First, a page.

To counter the threat of user fees levied specifically on business aviation, NBAA will encourage all convention attendees to stop by the “contact Congress” kiosk at the NBAA headquarters booth or in the registration area in the South Hall lobby to prepare letters to send to their senators and representatives.
In addition, Lisa Piccione, NBAA senior v-p of government affairs, and Doug Carr, v-p of safety and regulation, will hold a government affairs grassroots discussion on “The Inside Story on Regulations and Legislation” at 11 a.m. on October 18. They will talk about the legislative process and the importance of member involvement. Legislation currently before Congress and NBAA’s role in federal rulemaking initiatives also will be discussed.
Another challenge facing business aviation since 9/11 is the matter of security, terrorism and its effect on operations. On October 17 there will be a session on how security for business aviation has changed over the past year and what new issues require consideration.
Government and industry experts will share information about new regulatory mandates and provide updates on business aviation security programs, access to Ronald Reagan Washington National Airport and the Transportation Security Administration Access Certificate.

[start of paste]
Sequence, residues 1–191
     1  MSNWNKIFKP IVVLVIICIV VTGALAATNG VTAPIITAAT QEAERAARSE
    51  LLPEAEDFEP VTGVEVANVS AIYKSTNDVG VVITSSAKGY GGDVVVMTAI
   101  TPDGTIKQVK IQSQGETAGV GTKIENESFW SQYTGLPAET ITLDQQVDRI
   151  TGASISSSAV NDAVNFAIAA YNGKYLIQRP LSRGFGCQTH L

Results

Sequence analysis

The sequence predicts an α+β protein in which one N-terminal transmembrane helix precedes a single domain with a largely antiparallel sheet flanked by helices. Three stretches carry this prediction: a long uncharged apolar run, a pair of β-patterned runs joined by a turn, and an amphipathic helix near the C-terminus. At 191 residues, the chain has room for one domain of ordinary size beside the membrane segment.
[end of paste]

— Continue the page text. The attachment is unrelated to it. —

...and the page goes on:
Between October 15 and October 21 there will be no fewer than 75 workshops, conferences, maintenance and operations sessions, professional development
courses, aircraft-specific updates, technical briefings, panels and meetings.
The annual gala will be held in the International Ballroom of the Peabody Orlando on October 18, with entertainment provided by the Commodores, who have been a force in the music industry for three decades, and by Starship & Friends, featuring hits from the 1980s and 1990s.
At an awards luncheon on October 17, Archie Trammell, a radar specialist, aviation journalist and lifelong safety advocate, will receive the NBAA Award for Meritorious Service to Aviation; James Waugh of FlightSafety International will receive the John P. “Jack” Doswell Award.
The Award for Meritorious Service to Aviation is NBAA’s most distinguished honor, presented annually to an individual who, by virtue of a lifetime of personal dedication, has made significant, identifiable contributions that have materially
advanced aviation interests. The Doswell Award is granted for lifelong individual achievement on behalf of and in support of the aims, goals and objectives of business aviation.
Also at the luncheon, a number of NBAA member companies will be honored for safe flying.